JACKSON, Miss. – More than half of the 4-year-old pre-kindergarten students in the Early Learning Collaboratives (ELCs) met or exceeded the expected performance level for kindergarten readiness, according to results from the first year of assessments.
More than 1,500 pre-K students took the Kindergarten Readiness Assessment in fall 2014 and spring 2015. The spring 2015 scores indicated that 58.9 percent of the collaborative students are at or above the expected score of 498. An end-of-year cut score of 498 was established for 4-year-old pre-K students, putting students on track to earn the kindergarten readiness score of 530 when they start school. This score is indicative of a basic level of mastery of the literacy skills needed for kindergarten.
“I can definitely see tremendous growth in all of the children that participated in the program,” said Dr. Jill Dent, director of early childhood education at the Mississippi Department of Education.
Based upon years of research by Renaissance Learning, the vendor for the assessment, both the 498 and 530 benchmark scores are predictors of 3rd grade reading proficiency. This score range indicates students can identify most of the letters of the alphabet and can match most of the letters to their sounds. The student is also beginning to “read” picture books and familiar words around the home.
Of the 11 collaboratives, eight obtained an average score that was at or above 498. Clarke County Early Learning Partnership, which included 111 students, made the largest scaled score gain between the fall and spring assessments. Lacia Donald, early learning coordinator for Clarke County Early Learning Partnership, credits teamwork and collaboration in the classrooms and community for helping students reach goals.
“The teachers met every week to work on lesson plans and the administrative personnel had conference calls once a month to make sure everybody continued to stay on the same page and work together. We are extremely proud of our boys and girls,” she said.
The Mississippi Legislature passed the 2013 Early Learning Collaborative Act to provide funding to local communities to establish, expand, support and facilitate the successful implementation of quality early childhood education and development services. An ELC must include a lead partner, which can be a public school or other nonprofit group with the expertise and capacity to manage an ELC’s pre-kindergarten program. The legislature appropriated $3 million for the program.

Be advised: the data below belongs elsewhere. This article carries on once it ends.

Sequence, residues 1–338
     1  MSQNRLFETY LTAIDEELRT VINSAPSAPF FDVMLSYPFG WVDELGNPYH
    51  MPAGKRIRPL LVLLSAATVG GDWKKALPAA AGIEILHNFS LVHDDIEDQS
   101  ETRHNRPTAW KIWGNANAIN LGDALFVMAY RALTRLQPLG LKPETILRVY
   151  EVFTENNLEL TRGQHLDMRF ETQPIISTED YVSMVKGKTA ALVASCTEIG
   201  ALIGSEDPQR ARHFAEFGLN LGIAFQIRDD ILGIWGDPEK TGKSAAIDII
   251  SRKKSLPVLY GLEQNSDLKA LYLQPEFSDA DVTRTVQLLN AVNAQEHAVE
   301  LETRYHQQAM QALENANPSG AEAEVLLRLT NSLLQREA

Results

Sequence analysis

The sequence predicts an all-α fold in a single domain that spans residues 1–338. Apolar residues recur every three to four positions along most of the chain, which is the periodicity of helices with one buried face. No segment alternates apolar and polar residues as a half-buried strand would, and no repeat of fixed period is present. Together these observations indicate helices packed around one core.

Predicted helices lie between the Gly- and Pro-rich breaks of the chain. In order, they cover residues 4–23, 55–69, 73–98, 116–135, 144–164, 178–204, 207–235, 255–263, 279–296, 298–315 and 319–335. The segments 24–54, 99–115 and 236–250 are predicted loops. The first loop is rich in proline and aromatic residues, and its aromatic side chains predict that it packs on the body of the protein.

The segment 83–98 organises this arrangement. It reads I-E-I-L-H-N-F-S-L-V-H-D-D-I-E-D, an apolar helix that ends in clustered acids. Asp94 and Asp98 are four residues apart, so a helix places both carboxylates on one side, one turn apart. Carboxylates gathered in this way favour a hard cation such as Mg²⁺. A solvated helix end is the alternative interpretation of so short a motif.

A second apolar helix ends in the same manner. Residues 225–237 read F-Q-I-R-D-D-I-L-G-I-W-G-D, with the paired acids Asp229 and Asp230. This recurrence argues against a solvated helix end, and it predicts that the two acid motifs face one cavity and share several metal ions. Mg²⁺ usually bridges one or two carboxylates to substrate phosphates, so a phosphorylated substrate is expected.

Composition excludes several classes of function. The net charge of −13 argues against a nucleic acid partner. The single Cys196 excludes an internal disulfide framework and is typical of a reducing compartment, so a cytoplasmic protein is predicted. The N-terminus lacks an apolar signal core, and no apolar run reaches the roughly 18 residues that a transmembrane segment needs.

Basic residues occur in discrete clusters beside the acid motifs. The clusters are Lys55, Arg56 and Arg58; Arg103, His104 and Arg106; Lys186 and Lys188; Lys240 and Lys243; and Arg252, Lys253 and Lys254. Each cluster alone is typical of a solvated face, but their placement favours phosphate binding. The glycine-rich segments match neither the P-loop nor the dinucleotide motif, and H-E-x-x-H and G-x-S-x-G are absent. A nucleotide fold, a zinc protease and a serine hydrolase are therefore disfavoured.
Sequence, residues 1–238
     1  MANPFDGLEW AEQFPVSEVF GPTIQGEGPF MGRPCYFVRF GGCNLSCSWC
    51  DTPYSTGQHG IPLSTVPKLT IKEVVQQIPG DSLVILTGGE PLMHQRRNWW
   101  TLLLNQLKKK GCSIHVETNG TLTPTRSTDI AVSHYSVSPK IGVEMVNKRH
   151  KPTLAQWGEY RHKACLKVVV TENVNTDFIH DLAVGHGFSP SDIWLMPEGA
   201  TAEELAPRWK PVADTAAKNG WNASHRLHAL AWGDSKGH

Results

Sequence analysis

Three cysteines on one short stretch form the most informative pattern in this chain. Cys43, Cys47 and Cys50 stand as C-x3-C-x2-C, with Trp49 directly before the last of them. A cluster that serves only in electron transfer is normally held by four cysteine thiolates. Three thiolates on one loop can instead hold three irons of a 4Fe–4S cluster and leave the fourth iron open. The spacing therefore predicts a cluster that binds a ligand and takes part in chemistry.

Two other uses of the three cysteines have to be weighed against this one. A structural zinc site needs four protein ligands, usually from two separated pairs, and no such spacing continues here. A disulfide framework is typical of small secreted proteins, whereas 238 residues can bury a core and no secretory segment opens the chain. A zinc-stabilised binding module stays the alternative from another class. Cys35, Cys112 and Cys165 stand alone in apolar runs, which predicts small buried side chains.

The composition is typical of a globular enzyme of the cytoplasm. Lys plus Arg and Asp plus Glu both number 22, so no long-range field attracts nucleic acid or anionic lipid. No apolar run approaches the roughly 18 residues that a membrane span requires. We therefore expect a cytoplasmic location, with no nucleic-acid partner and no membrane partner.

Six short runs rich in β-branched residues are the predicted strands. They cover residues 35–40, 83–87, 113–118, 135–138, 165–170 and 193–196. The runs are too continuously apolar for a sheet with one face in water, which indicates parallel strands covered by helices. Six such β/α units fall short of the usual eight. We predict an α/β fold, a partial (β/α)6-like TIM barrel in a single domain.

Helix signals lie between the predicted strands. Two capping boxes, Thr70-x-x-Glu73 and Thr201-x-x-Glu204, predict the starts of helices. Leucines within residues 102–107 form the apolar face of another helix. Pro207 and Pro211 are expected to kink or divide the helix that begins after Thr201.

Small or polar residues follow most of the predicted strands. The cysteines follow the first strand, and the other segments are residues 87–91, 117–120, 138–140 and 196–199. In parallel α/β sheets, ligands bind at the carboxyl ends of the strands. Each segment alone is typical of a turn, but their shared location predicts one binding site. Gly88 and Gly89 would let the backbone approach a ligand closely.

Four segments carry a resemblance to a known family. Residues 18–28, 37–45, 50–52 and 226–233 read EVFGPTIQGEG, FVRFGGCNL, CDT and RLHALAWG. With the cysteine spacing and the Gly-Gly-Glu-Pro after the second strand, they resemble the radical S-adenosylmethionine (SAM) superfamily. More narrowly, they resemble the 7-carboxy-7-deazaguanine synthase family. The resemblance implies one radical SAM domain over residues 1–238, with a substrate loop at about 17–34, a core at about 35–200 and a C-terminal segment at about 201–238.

Nathan Oakley, executive director of MDE’s Office of Elementary Education and Reading, said many collaborative sites are in their first year of implementing a pre-kindergarten program that must follow the Mississippi Early Learning Guidelines for Four-Year-Old Children and the Mississippi Early Learning Standards for Classrooms Serving Four-Year-Old Children.
“Despite this fact, from the fall 2014 to the spring 2015 administration of the Kindergarten Readiness Assessment, students excelled, as evidenced by the number of collaboratives exceeding the target score,” he said.
Oakley said there is a need for targeted support and professional development in a number of areas. The collaboratives will move forward with professional development based upon data from this past school year, and in some cases will participate in intensive training, based upon identified need.
The MDE has created a professional development schedule for the 2015-2016 school year that includes needed and requested topics to improve the quality of early childhood education. Also, the MDE has recently shared guidance on starting a pre-K program to aid districts in effectively using available funds to start or expand existing pre-k programs, such as those established through Title I funds.
Additionally, as a part of a study conducted by the Social Science Research Center at Mississippi State University, some 1,350 children were screened using Ages and Stages questionnaires that evaluated developmental, social and emotional factors. Of the 1,350 children screened, 326 of them needed referrals for developmental delays. Also, 255 children needed referrals for social-emotional delays, and 98 children needed referrals for both developmental and social-emotional delays.
“If there are delays in any developmental or social-emotional areas, then that can affect students’ academic growth,” Oakley said. “Our goal is not to put a label on students but to assure we personalize education based on student needs.”
The results from the questionnaires were used by ELCs to identify and refer students to Child Find. Child Find is a component of the Individuals with Disabilities Education Improvement Act (IDEA) 2004 that requires states and school districts to identify, locate, and evaluate all children with disabilities residing in the state, regardless of the severity of their disabilities, and who are in need of special education and related services.
“We want to put interventions in place to address childhood skills they are behind on to prepare them for school,” Dent said.
A copy of the ELCs Kindergarten Readiness Assessment score report can be found here.